This leaves only the “Pastoral” Symphony and Brahms Fourth for comment. I’ve always preferred Toscanini’s BBC Symphony recordings of Beethoven’s First and Fourth symphonies (from 1937 and 1939, respectively) to this 1937 “Pastoral,” finding its first movement in particular generally unatmospheric and unyielding, not to mention some bothersomely untidy string-playing. But the previously unissued NBC Brahms Fourth of November 1948 is surely itself worth the already low price of this entire two-disc set. In his annotations, Mort Frank describes this as “perhaps [Toscanini’s] finest surviving account of the work.” Though I haven’t heard them all, I certainly hear nothing to discount his judgment. All of the adjectives (and adverbs) appropriate to a truly inspired performance on the part of both orchestra and conductor apply here at all the right moments: firmly controlled, lyrical, intense, flexible, rhetorical, poetic, expansive, broad-breathed, forward-moving, consistently engaging, expertly balanced, remarkably phrased, cumulatively powerful, with not a single note going for nothing, and extraordinary textural transparency. Further, the full-bodied recorded sound contributes markedly to the overall effect, the clarity of the bass line in particular providing a rock-solid foundation and springboard for the whole. This now takes its place alongside my preferred Toscanini broadcast of the Brahms Third, also with the NBC Symphony, that of February 8, 1941, issued a few years ago by Naxos."

Marc Mandel, FANFARE
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Works on This Recording

Les francs-juges, Op. 3: Overture by Hector Berlioz
Conductor:  Arturo Toscanini
Orchestra/Ensemble:  NBC Symphony Orchestra
Period: Romantic 
Written: 1826; France 
Date of Recording: 04/05/1941 
Venue:  Live  NBC Studio 8H, New York City 
Length: 12 Minutes 2 Secs. 
Symphony no 4 in E minor, Op. 98 by Johannes Brahms
Conductor:  Arturo Toscanini
Orchestra/Ensemble:  NBC Symphony Orchestra
Period: Romantic 
Written: 1884-1885; Austria 
Date of Recording: 11/27/1948 
Venue:  Live  NBC Studio 8H, New York City 
Length: 38 Minutes 4 Secs. 
Symphonic Variations for Orchestra, Op. 78/B 70 by Antonín Dvorák
Conductor:  Arturo Toscanini
Orchestra/Ensemble:  NBC Symphony Orchestra
Period: Romantic 
Written: 1877; Bohemia 
Date of Recording: 12/04/1948 
Venue:  Live  NBC Studio 8H, New York City 
Length: 19 Minutes 42 Secs. 
Manon Lescaut: Act 3 Intermezzo by Giacomo Puccini
Conductor:  Arturo Toscanini
Orchestra/Ensemble:  NBC Symphony Orchestra
Period: Romantic 
Written: 1893; Italy 
Date of Recording: 07/02/1944 
Venue:  Live  NBC Studio 8H, New York City 
Length: 4 Minutes 43 Secs. 
Rienzi: Overture by Richard Wagner
Conductor:  Arturo Toscanini
Orchestra/Ensemble:  NBC Symphony Orchestra
Period: Romantic 
Written: 1840-1843; Germany 
Date of Recording: 12/03/1938 
Venue:  Live  NBC Studio 8H, New York City 
Length: 11 Minutes 32 Secs. 
Symphony no 6 in F major, Op. 68 "Pastoral" by Ludwig van Beethoven
Conductor:  Arturo Toscanini
Orchestra/Ensemble:  BBC Symphony Orchestra
Written: 1808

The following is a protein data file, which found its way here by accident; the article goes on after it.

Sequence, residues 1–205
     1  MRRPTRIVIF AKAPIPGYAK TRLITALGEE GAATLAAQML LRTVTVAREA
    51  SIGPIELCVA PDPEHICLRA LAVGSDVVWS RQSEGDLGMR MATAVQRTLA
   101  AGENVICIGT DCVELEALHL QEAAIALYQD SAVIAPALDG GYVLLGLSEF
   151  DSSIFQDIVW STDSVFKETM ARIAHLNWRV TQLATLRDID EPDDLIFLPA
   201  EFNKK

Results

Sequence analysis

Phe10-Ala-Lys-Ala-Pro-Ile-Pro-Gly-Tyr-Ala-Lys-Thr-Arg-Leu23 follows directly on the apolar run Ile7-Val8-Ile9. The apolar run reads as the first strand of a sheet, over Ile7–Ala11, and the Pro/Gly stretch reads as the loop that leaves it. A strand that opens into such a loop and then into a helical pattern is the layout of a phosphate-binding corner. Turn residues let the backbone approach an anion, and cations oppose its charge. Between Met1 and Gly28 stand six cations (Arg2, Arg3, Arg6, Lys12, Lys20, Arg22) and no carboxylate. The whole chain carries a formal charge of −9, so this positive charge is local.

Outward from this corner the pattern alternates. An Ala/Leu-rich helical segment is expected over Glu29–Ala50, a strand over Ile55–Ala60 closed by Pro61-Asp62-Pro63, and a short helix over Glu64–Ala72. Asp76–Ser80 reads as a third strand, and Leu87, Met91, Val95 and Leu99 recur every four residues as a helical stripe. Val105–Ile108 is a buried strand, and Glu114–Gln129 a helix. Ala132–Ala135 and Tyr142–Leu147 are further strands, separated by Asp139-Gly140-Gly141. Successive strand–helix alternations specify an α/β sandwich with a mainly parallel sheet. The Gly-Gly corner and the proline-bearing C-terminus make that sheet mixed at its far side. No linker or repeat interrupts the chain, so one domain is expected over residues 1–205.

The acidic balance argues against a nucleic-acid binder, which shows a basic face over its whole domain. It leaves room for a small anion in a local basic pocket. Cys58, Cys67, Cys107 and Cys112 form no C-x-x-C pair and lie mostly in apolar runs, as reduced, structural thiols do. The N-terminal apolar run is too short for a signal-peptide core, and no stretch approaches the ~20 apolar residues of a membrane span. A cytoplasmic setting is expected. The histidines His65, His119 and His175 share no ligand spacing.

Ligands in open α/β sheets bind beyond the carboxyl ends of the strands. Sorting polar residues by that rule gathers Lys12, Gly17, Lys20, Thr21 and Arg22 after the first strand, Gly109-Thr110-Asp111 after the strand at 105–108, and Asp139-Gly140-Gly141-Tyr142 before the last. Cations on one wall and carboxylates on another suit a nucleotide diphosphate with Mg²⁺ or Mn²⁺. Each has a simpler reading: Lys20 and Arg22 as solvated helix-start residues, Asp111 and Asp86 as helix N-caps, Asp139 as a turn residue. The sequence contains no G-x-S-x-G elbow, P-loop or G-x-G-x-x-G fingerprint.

Venue:  Queen's Hall, London, England 
Length: 37 Minutes 46 Secs. 
Notes: Queen's Hall, London, England (10/21/1937 - 10/22/1937) 
Götterdämmerung: Immolation by Richard Wagner
Performer:  Helen Traubel (Soprano)
Conductor:  Arturo Toscanini
Orchestra/Ensemble:  NBC Symphony Orchestra
Period: Romantic 
Written: 1874; Germany 
Date of Recording: 02/22/1941 
Venue:  Live  Carnegie Hall, New York City, NY 
Length: 19 Minutes 9 Secs. 
Language: German 
Norma: Ite sul colle, o Druidi by Vincenzo Bellini
Performer:  Nicola Moscona (Bass)
Conductor:  Arturo Toscanini
Orchestra/Ensemble:  NBC Symphony Orchestra,  Westminster Cathedral Boys Choir,  Peter Wilhousky Chorus
Period: Romantic 
Written: 1831; Italy 
Date of Recording: 12/02/1945 
Venue:  Live  Carnegie Hall, New York City, NY 
Length: 9 Minutes 31 Secs. 
Language: Italian 

Featured Sound Samples

Manon Lescaut (Puccini): Act III: Intermezzo
Symphony no 6 "Pastoral" (Beethoven): V. Shepherds' song; cheerful and thankful feelings after the storm

Sound Samples

Grande Ouverture des Francs-Juges, H 23D
Symphony No. 4 in E minor Op. 98: I. Allegro non troppo
Symphony No. 4 in E minor Op. 98: II. Andante moderato
Symphony No. 4 in E minor Op. 98: III. Allegro giocoso - Poco meno presto - Tempo I
Symphony No. 4 in E minor Op. 98: IV. Allegro energico e passionato - Più Allegro
Symphonic Variations, Op.78
Manon Lescaut: Intermezzo from Act III
Rienzi, der letzte der Tribunen: Overture
Symphony No. 6 in F 'Pastoral' Op. 68 (2004 Digital Remaster): I. Allegro ma non troppo (Awakening of cheerful feelings on arriving in the country)
Symphony No. 6 in F 'Pastoral' Op. 68 (2004 Digital Remaster): II. Andante molto moto (Scene by the brook)
Symphony No. 6 in F 'Pastoral' Op. 68 (2004 Digital Remaster): III. Allegro (Merry gathering of the country folk) -
Symphony No. 6 in F 'Pastoral' Op. 68 (2004 Digital Remaster): IV. Allegro (Storm and tempest) -
Symphony No. 6 in F 'Pastoral' Op. 68 (2004 Digital Remaster): V. Allegretto (Shepherds' Song. Happy and thankful feelings after the storm)
Götterdämmerung: Brünnhildes Opfer und Erlösung (2004 Digital Remaster)
Norma: Introduction Chorus and Cavatina